Ryan Calo writes, "I argue in a new paper that economists and privacy advocates don't need to hate one another." (8/10/15)
  • Aug 06, 2015

    Source: KUOW

    This episode of Speakers Forum explores how surveillance and newly-emerging technologies affect our civil liberties and shape our lives. (8/6/15)
  • Jul 29, 2015

    Source: Fox News

    Ryan Calo, a law professor at the University of Washington specializing in issues with robotics, told Ars Technica that he was "a little surprised" by Sony's decision to develop drone software instead of selling hardware. (7/29/15)
  • Jul 15, 2015

    Source: The Washington Post

    In early December 2014, Brittany Nunn missed a court date. She was scheduled to fight for custody of one of her daughters, but the tide in the case had been turning in favor of the girl's father, according to Colorado law enforcement. (7/15/15)
  • Jul 14, 2015

    Source: techradar

    The world's legal systems are just now making peace with the Internet, more than 20 years after it was invented. But we're going to need to start that process all over again for robotics, argues law scholar Ryan Calo. (7/14/15)
  • Jul 02, 2015

    Source: Popular Science

    Headlines rang out across the internet that a robot killed someone in Germany. Beneath the sensationalist surface, there was a tragic truth: an industrial robot at a Volkswagen plant in Germany had indeed killed a 22-year-old worker. (7/2/15)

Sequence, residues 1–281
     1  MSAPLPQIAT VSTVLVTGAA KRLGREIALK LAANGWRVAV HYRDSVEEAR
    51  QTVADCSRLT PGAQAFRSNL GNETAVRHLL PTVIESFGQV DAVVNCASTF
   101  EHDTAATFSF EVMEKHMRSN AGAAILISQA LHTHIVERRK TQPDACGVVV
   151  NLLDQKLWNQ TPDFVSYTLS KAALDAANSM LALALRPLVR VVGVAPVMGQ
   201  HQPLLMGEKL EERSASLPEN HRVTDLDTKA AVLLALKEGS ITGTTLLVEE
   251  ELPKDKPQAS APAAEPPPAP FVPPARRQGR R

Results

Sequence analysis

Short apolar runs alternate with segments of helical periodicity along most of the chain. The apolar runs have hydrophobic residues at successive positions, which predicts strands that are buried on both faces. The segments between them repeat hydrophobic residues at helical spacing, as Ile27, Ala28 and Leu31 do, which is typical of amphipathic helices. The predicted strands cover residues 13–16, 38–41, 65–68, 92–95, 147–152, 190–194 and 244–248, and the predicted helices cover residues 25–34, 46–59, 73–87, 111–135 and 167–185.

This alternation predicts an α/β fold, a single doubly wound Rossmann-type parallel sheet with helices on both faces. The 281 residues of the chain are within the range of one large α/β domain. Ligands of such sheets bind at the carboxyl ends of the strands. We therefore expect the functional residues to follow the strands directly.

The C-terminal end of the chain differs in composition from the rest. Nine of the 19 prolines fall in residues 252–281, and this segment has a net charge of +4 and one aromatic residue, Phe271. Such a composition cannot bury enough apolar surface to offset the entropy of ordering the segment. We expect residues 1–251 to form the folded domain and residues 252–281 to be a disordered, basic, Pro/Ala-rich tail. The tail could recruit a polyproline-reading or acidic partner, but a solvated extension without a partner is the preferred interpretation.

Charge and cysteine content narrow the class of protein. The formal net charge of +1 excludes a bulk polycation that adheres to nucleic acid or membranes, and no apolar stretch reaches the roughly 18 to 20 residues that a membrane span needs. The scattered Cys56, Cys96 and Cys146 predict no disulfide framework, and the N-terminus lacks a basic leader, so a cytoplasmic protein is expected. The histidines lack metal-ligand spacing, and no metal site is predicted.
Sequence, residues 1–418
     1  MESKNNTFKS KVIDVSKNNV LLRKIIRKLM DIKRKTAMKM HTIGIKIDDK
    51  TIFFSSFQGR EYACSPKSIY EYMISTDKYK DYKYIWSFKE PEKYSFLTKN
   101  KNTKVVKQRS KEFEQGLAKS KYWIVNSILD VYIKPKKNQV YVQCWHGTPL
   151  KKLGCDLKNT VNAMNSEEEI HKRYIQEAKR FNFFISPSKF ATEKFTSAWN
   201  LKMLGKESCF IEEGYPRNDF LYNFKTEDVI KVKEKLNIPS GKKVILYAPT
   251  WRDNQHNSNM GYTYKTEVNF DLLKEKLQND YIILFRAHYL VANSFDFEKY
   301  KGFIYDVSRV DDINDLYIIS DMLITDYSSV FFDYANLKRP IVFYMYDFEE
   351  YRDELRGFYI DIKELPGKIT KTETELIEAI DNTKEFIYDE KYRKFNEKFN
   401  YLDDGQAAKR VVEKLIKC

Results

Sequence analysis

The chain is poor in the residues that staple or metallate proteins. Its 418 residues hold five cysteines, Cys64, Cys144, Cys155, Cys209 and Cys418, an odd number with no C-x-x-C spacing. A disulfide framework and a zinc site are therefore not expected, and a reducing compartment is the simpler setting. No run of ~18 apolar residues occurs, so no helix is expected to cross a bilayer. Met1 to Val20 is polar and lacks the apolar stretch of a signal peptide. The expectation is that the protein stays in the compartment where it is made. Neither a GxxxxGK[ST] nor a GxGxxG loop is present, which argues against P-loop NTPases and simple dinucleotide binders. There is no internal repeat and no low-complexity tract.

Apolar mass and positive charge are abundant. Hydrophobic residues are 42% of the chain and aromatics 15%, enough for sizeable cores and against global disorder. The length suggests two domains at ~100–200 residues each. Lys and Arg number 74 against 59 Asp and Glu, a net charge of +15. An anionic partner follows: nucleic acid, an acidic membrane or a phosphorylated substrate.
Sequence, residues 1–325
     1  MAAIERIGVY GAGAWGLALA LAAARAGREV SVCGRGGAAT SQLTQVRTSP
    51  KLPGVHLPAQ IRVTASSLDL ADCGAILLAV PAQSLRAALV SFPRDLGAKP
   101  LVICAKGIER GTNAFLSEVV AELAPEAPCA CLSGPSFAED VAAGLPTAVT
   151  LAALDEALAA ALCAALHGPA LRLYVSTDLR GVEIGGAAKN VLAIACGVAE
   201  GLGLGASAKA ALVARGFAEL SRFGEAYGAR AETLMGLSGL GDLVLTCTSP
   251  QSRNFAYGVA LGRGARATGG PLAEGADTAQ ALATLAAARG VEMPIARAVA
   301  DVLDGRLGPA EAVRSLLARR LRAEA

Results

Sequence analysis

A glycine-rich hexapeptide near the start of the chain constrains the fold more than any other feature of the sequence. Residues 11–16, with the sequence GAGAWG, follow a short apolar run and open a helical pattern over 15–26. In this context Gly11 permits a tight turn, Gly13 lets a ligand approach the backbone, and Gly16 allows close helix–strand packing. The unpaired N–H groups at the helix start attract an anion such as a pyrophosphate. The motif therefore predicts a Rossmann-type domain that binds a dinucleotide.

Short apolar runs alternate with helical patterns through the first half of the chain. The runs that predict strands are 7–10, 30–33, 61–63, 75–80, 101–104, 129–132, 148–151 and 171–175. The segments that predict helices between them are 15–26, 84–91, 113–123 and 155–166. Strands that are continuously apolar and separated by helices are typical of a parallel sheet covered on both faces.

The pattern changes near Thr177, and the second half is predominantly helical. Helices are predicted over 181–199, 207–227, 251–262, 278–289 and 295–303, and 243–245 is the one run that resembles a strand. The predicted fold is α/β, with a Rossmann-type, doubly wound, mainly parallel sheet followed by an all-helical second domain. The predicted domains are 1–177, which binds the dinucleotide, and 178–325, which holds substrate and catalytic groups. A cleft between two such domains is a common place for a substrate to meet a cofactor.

• Jun 17, 2015

    Source: The Washington Post

    New features on Apple's pre-installed "Health" app will allow users to track their sexual activity, namely whether or not they used protection and the time of day they had sex. (6/17/15)
  • Jun 03, 2015

    Source: The Guardian

    Verizon, the US’s largest wireless telecom company, is developing technology with Nasa to direct and monitor America’s growing fleet of civilian and commercial drones from its network of phone towers. (6/3/15)
  • May 22, 2015

    Source: Good Morning America

    For less than about $1000, anyone can buy a drone, but some people are looking to clip its wings because of privacy. (5/22/15)
  • May 20, 2015

    Source: Wired

    There has been much talk about the use of drones by police within the United States and by the military abroad, but a subject that gets a lot less play is the use of drones at the US border. (5/20/15)
  • May 08, 2015

    Source: The Stranger

    Tech evangelists regularly preach the merits of a smarter, more connected world. A thermostat that anticipates our desired temperature! Self-driving cars! But an increasingly connected-to-the-internet world is also an increasingly vulnerable one. Especially when the things connected to the internet happen to be operating on live, human bodies. (5/8/15)